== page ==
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Is Paula Deen toast in N-word controversy?


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Galliano, who recently sat down with Charlie Rose for a rare interview, has studied Jewish history with rabbis, owned up to addiction and tried to atone, Foxman said, yet he’s struggling as Richards is to make it back professionally.

Will Deen follow up with action to back up her apologetic words?

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"I want to believe her, that she’s not that way anymore," Foxman said. "It used to be very simple rules: You say something that’s offensive, that’s hurtful and there’s a formal apology, an explanation, and depending how severe it is, you do a good deed, you volunteer, whatever. There used to be a clear path. It used to be over. That was before the Internet."

While Galliano was always considered a bad boy on the job, Deen’s ability to earn a living depends on a squeaky clean, though cheeky, reputation despite her hiding her diabetes for years, then signing on as a paid endorser of a drug for the condition while continuing to cook up deep-fried everything on TV.

The previous controversy may have dinged her, but it didn’t take her down.

"You know, this sort of thing hasn’t been a career-ender for that many people," Min said. "But she’s reliant on television, pretty much mainstream wholesome television, to prop up her brand. If you’re not on the Food Network, you just don’t have too many other places to go."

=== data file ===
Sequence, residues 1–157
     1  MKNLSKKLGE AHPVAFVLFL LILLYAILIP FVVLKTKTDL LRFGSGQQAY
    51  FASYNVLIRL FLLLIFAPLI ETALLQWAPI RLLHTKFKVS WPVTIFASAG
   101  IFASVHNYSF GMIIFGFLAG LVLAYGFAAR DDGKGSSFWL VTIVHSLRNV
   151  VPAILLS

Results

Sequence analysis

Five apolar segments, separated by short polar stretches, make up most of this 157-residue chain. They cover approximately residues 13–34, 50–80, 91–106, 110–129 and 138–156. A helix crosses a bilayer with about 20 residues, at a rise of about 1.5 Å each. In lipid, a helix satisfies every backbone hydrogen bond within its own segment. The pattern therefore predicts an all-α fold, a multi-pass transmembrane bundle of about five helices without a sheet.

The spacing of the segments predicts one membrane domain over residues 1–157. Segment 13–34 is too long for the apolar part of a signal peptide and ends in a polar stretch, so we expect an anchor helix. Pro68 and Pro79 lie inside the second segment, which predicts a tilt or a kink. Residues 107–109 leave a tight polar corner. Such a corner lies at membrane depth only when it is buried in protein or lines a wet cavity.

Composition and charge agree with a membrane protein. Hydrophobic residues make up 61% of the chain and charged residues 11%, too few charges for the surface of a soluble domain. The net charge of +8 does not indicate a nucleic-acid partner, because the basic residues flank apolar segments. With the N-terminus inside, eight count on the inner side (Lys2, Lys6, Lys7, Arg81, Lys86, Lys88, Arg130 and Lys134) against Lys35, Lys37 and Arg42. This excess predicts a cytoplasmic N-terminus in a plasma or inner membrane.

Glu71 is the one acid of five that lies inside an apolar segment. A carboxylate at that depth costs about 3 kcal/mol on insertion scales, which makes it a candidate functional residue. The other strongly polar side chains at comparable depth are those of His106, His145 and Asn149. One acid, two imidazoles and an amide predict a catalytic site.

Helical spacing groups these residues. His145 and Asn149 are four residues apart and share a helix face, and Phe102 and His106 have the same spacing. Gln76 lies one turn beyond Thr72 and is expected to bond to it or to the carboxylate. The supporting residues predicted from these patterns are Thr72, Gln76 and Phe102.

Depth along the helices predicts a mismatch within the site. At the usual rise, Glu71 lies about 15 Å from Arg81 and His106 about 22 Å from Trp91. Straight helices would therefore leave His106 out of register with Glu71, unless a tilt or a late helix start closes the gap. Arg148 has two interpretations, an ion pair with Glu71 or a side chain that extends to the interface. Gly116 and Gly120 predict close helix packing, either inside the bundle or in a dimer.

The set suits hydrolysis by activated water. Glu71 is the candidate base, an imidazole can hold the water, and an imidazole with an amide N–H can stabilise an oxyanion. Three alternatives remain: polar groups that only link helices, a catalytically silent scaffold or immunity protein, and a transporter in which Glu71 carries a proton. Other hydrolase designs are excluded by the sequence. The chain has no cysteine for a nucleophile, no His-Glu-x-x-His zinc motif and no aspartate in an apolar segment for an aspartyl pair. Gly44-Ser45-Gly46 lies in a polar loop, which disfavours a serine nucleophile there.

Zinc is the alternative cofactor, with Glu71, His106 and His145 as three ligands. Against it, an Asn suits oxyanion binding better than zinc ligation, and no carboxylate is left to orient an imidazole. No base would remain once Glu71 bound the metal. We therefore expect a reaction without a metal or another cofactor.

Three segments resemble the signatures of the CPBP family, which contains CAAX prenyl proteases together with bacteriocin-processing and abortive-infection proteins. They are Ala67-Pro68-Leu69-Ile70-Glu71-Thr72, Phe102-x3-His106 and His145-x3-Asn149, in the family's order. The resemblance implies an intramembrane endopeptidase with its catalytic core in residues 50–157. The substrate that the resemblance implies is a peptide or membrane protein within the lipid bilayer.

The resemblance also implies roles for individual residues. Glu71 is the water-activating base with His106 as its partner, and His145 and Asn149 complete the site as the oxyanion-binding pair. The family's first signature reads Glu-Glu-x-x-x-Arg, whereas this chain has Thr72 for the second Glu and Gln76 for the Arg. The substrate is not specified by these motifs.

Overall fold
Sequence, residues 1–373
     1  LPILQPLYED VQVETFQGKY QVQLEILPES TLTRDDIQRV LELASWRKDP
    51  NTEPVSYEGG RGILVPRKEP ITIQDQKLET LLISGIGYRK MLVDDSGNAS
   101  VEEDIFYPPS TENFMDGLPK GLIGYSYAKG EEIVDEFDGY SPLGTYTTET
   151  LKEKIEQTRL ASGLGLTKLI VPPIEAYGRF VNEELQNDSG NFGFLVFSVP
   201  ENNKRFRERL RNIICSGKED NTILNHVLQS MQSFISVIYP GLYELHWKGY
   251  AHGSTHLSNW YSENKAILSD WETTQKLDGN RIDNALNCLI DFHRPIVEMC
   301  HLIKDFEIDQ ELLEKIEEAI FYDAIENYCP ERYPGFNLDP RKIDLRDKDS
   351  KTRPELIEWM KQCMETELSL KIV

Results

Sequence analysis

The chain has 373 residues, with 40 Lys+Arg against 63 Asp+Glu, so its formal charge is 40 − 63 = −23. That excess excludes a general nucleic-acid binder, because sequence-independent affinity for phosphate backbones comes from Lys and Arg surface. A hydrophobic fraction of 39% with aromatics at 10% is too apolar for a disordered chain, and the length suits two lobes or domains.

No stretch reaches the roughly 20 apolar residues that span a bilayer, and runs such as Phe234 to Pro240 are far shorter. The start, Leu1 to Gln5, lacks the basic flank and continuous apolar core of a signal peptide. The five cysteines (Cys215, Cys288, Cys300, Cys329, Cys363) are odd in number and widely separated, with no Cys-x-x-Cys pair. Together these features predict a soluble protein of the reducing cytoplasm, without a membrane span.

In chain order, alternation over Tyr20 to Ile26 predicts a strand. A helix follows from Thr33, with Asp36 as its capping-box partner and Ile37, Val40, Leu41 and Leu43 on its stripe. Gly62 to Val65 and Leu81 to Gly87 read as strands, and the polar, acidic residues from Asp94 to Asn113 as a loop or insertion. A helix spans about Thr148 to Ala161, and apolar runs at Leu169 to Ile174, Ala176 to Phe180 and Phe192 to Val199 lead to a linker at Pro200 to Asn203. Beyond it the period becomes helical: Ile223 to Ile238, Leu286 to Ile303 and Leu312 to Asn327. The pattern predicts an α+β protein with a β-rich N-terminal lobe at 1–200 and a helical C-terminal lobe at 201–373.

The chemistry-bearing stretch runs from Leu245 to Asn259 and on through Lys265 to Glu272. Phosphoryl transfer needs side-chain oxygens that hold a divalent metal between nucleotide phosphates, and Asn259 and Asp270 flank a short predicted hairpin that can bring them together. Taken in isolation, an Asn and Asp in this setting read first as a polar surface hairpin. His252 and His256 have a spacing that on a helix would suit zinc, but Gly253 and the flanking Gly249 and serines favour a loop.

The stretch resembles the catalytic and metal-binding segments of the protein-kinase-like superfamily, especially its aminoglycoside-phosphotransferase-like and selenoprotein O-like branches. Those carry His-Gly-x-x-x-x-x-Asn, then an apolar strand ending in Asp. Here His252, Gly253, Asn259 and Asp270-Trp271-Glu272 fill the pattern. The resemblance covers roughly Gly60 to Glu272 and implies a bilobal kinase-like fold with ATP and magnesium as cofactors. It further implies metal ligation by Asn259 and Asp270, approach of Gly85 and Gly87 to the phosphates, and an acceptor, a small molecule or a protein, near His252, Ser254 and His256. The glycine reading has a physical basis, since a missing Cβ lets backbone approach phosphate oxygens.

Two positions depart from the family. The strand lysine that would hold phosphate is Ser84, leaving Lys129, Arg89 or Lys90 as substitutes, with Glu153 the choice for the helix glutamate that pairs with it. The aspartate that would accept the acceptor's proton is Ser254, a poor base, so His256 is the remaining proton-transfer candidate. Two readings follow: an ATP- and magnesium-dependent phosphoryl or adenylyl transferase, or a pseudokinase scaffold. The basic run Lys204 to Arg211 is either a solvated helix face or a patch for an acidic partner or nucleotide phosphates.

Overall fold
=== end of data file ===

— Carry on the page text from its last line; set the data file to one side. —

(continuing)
Smithfield Foods, where she had her own line of hams, also dropped her this week as a pitchwoman.

Min, Kopp, Busch and others say Deen has been her own worst PR enemy in the fallout from her race-fueled deposition, which also included her seeing the "beauty" in a Southern-style wedding she once considered for her brother, complete with formally dressed black waiters.

That and her oddly spliced video apology, later swapped out for an unedited one after she bailed on Matt Lauer and the "Today" show, "made her seem shifty, sort of erratic and strange," Min said. "She had already dug herself in by waiting three or four days before talking at all and what she finally did say dug her in a little deeper."

Sharpton knows that "we’ve all said things we’ve regretted," and he’s not particularly worried about what words Deen used long ago. "She’s being condemned for now. There’s a live lawsuit accusing her of racism and bias now and that’s what I’m concerned about," he said.


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Deen was invited back on the "Today" show Wednesday. If Sharpton had the chance to swap seats with Lauer, what would he counsel?

"I would tell her if she’s guilty of this she should be prepared like Michael Richards to lose a lot of her gigs," he said. "It’s one thing to have done something growing up in the South, or in your past. It’s another thing that in your success you continue to do that, and she like anyone else should have to pay a price if that’s what she’s done."



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